RS: I took Suzy and Tom on my stair running tours of Singapore. It’s basically a 5km loop of Singapore CBD, which takes in 4 or 5 open access buildings of varying height 150-225m, with a variety of stairwells. We run to a building, ascend, come down in the lift, run to the next building, and repeat.

We go at a steady pace, not killing each other but also not slow. The key thing I noted from following them up was how stable and compact they looked in the stairs. There was an assuredness to their movements. No energy was being wasted hopping around or flailing arms around the corner. It just looked compact and stable and the turns were tight and controlled.

Tom is more of a power walker and seems to sort of sit into his stride. I’ve seen something similar in videos of the Colombian stair climber Frank Carreno (current world number two). I’m guessing that lowering the pelvis helps recruit more glute to the movement. Try it next time you walk up stairs, it feels weird but you feel kinda powerful as you stride up. Anyways I was running behind Tom, but still having to work pretty hard to keep up even though he was walking.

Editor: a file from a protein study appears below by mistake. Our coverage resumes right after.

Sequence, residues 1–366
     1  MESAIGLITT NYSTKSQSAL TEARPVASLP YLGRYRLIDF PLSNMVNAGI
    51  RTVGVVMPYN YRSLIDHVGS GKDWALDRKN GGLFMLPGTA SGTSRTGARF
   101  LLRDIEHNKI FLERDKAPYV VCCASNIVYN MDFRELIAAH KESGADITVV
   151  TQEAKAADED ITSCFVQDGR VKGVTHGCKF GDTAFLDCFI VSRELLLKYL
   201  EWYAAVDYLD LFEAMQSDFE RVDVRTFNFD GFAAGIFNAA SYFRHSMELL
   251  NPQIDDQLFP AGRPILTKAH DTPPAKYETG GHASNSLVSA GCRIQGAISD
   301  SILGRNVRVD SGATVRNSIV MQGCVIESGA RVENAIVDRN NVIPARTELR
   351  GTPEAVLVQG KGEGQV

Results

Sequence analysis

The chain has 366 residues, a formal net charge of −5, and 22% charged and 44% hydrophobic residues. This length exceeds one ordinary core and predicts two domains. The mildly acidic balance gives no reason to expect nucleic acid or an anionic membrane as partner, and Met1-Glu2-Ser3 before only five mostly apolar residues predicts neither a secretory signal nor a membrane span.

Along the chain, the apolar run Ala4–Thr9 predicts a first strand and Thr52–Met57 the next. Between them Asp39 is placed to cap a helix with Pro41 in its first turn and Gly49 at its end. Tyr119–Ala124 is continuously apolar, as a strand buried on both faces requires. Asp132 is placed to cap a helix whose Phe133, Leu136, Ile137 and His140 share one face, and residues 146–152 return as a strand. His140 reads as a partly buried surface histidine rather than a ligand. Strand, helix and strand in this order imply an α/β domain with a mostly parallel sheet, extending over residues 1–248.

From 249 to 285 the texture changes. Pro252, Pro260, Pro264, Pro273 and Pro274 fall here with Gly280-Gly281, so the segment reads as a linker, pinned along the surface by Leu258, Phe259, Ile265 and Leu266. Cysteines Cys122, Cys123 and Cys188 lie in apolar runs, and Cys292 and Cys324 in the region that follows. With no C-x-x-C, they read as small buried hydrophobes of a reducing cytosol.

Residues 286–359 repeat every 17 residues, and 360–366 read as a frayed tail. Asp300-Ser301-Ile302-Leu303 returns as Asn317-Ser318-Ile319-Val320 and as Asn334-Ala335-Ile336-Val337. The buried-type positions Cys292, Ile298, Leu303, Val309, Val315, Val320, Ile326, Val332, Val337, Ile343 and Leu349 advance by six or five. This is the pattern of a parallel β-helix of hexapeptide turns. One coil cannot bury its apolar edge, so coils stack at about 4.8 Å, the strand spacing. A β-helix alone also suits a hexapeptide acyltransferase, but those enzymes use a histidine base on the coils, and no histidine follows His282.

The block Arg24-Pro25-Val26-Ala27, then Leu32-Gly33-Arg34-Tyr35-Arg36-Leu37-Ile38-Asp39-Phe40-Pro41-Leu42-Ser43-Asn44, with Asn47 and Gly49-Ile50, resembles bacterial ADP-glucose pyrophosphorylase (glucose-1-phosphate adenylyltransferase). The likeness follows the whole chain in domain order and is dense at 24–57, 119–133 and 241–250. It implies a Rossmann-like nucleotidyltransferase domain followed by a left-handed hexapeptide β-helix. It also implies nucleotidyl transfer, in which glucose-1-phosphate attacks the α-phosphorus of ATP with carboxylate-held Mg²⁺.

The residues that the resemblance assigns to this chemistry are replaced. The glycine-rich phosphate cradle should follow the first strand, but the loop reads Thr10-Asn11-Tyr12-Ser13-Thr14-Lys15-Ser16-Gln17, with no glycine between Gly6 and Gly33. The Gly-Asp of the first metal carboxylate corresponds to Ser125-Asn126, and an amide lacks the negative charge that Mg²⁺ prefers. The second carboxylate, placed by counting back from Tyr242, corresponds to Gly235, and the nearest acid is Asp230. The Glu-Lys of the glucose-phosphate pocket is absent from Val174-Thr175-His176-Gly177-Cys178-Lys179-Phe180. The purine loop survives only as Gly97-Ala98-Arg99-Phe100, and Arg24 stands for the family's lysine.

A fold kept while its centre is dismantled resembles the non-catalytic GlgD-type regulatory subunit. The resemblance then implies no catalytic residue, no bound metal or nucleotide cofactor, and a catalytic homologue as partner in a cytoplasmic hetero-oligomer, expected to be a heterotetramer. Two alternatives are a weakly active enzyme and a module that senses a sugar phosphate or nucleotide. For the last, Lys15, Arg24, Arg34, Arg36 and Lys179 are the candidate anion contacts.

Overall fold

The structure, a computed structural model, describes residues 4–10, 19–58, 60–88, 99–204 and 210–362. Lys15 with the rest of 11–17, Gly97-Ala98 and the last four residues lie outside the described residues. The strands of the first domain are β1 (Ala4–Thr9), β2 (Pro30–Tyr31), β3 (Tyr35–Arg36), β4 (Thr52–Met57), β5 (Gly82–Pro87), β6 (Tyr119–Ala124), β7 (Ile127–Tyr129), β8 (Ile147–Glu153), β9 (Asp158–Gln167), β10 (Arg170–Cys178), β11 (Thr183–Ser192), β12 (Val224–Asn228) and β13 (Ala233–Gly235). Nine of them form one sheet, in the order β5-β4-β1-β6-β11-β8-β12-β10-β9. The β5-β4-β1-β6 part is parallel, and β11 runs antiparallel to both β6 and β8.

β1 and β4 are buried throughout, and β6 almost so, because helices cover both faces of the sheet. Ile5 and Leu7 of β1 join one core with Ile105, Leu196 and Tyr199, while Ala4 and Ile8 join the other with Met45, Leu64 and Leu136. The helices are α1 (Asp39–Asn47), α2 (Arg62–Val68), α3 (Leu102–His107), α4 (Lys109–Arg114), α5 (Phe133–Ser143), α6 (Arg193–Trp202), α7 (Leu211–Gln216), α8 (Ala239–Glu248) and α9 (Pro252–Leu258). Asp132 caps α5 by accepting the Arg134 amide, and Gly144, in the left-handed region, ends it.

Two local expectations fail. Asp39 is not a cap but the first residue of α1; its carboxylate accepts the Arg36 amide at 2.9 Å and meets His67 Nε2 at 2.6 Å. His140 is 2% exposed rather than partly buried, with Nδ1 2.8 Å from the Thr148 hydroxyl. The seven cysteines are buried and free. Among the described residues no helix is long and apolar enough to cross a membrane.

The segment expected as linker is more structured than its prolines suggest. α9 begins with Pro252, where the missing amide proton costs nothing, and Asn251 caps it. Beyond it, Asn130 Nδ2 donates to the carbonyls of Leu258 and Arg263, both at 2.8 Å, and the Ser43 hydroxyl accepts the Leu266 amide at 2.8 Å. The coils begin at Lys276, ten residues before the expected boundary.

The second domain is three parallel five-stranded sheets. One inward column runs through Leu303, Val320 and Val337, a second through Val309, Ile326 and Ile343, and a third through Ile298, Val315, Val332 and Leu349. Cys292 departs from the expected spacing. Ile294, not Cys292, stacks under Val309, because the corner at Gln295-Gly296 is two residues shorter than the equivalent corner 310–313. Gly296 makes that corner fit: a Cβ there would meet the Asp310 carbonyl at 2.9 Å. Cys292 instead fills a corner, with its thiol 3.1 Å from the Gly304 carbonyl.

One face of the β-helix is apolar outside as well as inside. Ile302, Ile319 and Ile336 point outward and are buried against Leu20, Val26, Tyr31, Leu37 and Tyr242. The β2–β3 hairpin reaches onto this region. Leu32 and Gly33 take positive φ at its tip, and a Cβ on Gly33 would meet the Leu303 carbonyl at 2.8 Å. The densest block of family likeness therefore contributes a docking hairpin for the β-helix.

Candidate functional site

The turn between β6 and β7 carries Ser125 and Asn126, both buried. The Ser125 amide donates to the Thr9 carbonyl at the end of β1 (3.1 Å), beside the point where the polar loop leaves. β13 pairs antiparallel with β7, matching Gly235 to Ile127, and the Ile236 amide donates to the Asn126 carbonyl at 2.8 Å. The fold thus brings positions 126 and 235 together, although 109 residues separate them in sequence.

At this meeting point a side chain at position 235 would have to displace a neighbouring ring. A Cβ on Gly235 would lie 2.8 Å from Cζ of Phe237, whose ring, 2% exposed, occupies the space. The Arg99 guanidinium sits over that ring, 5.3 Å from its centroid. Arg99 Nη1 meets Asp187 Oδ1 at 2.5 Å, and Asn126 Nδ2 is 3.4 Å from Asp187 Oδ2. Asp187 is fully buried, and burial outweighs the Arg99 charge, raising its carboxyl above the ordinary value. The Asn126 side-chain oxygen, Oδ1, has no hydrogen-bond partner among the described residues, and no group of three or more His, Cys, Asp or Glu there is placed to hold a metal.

Suzy employs a technique where she has real quick feet as she ascends the stairs and then sort of takes a mini rest on the stairwell, which involves lifting the head slightly and opening the lungs up and then popping her head back down and whipping around the turn to do the rapid feet again up the next flight.

I don’t think we are anywhere near understanding what is the best way to climb stairs, however I’m personally starting to transition my training away from a bouncy run style to a more compact rail heavy walk which whips around the corners. I call this the ‘German style’ – Christian Riedl, Görge Heimann, Ralf Hascher all have a similar style to this, in my opinion.

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Beyond Human: Sirrs was profiled in a Chinese magazine in 2015.

TRUK: What does your training look like at the moment?